Hidden in the shadows of skyscrapers
Erected phallic insecurities
Bolster get-rich-quick real-estate capers
In underutilized territories.
Ghettos called “home” by noble “savages”
Provide safe havens and hunting grounds for
Suburban expatriates with baggage.
Ignored is gentrification’s “soft-edge”
Starving artist types seizing fire sales.
Urban farming “hood-billys” squat their claims
With backyard chicken coops, goat herds, and kale
Meanwhile the hood will never be the same.
These twenty-first century “pioneers”
Build their forts because natives are still here.
To move bravely into blighted ghettoes
Where the property value’s sunk lower
Than the speculators thought it could go.
Justice is blind to how much is owed her.
Policies decreed from Iv’ry towers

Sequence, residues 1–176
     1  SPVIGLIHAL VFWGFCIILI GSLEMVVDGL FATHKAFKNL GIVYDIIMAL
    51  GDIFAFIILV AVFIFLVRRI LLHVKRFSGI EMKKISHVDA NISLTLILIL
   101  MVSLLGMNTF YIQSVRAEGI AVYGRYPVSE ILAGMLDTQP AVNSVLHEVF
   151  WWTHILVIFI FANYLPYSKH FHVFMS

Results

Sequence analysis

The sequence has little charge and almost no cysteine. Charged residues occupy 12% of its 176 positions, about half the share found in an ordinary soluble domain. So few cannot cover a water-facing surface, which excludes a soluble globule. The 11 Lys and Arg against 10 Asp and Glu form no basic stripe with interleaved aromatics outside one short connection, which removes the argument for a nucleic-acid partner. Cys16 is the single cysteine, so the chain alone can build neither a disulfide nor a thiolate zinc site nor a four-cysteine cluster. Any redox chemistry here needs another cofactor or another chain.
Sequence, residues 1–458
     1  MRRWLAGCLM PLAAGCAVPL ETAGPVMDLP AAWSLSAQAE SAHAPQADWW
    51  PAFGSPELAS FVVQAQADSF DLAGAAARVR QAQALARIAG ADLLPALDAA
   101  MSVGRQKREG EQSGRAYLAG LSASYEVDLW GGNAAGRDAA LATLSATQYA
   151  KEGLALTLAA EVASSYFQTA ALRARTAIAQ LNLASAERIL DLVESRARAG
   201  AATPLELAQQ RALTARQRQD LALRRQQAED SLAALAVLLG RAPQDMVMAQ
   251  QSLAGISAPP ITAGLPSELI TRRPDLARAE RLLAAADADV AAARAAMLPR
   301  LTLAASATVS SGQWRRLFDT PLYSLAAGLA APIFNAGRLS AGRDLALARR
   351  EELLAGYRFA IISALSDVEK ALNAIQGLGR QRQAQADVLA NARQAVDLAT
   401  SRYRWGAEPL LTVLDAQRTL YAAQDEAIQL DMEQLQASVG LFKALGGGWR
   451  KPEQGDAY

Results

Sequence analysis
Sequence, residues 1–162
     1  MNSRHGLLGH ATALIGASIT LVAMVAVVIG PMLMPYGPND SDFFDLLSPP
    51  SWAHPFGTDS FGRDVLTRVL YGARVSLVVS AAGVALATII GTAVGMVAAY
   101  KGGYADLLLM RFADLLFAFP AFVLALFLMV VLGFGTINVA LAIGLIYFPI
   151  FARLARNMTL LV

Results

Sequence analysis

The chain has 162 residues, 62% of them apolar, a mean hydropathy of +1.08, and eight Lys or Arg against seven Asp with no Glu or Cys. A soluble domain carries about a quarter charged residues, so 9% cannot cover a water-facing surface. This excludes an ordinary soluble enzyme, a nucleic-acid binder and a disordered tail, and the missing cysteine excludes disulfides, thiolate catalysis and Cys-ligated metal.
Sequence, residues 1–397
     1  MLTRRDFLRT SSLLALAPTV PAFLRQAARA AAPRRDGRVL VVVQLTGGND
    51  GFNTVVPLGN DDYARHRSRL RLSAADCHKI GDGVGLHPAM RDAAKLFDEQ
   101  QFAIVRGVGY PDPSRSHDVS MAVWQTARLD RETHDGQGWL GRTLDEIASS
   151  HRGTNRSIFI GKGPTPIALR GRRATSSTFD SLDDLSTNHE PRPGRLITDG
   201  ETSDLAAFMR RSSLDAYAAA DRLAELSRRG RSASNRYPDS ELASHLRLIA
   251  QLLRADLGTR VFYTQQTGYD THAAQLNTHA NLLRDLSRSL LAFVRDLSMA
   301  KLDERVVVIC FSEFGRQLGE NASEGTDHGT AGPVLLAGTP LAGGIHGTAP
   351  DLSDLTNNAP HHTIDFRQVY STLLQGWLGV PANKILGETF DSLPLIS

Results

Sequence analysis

Keep society’s expectations low.
The fortress secures the settlers power.
So where, pray tell, are the natives to go?
I don’t know. Ask Captain John Smith’s penis.
But intrepid settlers have no problem
With all the still present indigenous,
Missionaries claim they want to help them.
The trusting natives accept them… as “cool”
Not knowing they’re exceptions, not the rule.
Man’s Best Friend
Man’s best friend doubles as security
For the urban strong-hold he calls home
He barks from fear and anxiety.
He becomes anxious when he’s left alone.
With snarls and snaps he guards his master’s house
Through the wrought-iron fence he’s locked behind
His noble mission is, “to keep them out.”
“Them” being everyone, both mean and kind.
These dogs and the natives share history
From plantations to gentrification.
The natives’ fear is not a mystery
Any more than mass incarceration.
Settlers demand their dogs have their own parks.
Their just rewards for barking away the dark.
Meanwhile the cool urban colonizers